Re: Super-newbie: feasibility of buying an oldie?
Only dumb questions are unasked ones. Yours is far from dumb.
The instrument you cite was a Lyon & Healy bowl-back, with a crack in the fingerboard, but still playable -- if one believes the seller's description. It went for $147 on eBay.
Older bowl-backs are the bargains of the mandolin world, because demand for bowl-back mandolins isn't that strong. Instruments by good American manufacturers often go for a couple hundred dollars, in decent playable condition. If you think that you want a bowl-back -- the style in which most mandolins were made a century ago, but which is generally "out of fashion" today, except among classical and some ethnic mandolin players -- you have a good chance of getting a decent instrument for not much money. I would suggest that, if at all possible, you buy with an "approval period," during which you can have the mandolin inspected by a pro repair person, or at least by an experienced friend, to make sure you're getting an instrument you can learn on.
Most beginning mandolin players today want a "flat-back" instrument, with a body more like a guitar's than the lute-like bowl-back body. A vintage instrument, comparable in quality to the Lyon & Healy but flat-backed, would cost you many times what the L&H went for. So, looking for something "very low-budget to get your toes wet," you would be purchasing a new imported Asian instrument by Kentucky, Rover, Gold Tone, or something similar. I would suggest that you spend a few hours on the Cafe looking at threads for "best mandolin for a beginner," "best mandolin under $400," etc. etc. You will find dozens of discussions about the relative merits of different brands and models of student-grade mandolin.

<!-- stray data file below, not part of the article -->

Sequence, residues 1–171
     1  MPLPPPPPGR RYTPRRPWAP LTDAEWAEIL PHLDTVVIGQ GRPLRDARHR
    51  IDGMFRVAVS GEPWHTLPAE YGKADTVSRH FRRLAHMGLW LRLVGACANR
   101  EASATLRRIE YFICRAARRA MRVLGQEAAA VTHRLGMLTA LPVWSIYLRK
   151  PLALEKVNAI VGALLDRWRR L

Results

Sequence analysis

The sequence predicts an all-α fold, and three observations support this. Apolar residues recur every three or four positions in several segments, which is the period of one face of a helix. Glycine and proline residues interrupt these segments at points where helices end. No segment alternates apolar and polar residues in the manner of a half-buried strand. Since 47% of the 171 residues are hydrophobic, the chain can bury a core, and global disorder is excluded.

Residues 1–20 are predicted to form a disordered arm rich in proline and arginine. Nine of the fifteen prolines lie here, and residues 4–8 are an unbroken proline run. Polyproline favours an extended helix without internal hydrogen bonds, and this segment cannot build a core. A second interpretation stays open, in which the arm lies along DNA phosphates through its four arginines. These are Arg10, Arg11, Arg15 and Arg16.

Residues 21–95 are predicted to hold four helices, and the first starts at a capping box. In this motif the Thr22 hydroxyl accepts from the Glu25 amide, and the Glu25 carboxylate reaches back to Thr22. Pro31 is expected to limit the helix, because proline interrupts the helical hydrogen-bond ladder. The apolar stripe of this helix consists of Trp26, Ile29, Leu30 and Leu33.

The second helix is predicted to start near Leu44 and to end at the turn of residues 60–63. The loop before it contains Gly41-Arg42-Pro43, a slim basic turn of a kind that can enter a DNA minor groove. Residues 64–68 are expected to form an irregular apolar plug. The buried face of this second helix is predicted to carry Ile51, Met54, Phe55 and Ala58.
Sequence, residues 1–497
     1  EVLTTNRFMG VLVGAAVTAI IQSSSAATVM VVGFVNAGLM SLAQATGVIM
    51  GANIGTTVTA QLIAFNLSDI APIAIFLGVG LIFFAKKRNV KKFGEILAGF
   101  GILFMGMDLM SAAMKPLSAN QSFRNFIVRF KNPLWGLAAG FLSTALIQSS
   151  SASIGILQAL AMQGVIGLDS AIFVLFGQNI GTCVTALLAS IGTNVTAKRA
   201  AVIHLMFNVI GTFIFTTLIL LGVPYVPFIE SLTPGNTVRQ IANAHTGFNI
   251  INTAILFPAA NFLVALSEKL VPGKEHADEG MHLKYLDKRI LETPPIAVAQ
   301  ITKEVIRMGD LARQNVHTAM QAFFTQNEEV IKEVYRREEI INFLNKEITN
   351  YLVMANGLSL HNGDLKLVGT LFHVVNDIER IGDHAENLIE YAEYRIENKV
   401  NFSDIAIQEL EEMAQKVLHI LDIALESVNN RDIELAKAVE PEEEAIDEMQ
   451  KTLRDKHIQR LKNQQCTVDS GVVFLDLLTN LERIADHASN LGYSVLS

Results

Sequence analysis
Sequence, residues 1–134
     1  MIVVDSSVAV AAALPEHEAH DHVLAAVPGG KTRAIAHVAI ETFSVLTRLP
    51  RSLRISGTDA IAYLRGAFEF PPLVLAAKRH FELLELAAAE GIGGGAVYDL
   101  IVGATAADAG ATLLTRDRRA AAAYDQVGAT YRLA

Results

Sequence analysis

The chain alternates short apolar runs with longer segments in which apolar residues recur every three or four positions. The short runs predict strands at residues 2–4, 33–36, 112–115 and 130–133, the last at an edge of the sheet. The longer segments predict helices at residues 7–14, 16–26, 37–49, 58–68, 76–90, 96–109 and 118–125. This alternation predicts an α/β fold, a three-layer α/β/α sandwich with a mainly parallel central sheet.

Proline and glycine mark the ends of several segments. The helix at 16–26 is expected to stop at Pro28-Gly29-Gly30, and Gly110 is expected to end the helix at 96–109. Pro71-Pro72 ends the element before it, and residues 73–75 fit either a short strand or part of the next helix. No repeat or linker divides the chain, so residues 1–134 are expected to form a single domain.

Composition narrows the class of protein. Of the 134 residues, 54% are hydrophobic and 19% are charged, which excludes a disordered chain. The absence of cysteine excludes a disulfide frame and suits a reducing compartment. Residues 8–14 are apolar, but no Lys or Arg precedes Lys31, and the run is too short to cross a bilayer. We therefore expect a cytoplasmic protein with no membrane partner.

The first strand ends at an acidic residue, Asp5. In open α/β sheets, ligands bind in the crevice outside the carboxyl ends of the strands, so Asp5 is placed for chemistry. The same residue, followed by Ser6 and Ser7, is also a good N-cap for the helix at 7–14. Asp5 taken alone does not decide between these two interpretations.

I applaud your impulse to adopt an older instrument, and use it to learn on -- "give some love," as you put it. But make sure before you buy a bowl-back that you're really comfortable playing this type of mandolin; there are reasons that bowl-backs are less popular today, having to do with sound quality, ease in holding and playing, etc. If you can find a friend who has one, give it a try and see if that's where you want to be. And if you decide to get a newer student-level mandolin, do a bit of research first, especially if you're going on eBay. There is a ton of junk being sold there, "mandolin shaped objects" as we call them, for less than $100. Badly made, hard to tune and play, subject to near-spontaneous disintegration under string tension. A few days of research and testing, will pay off in finding an instrument you can live with and learn on.
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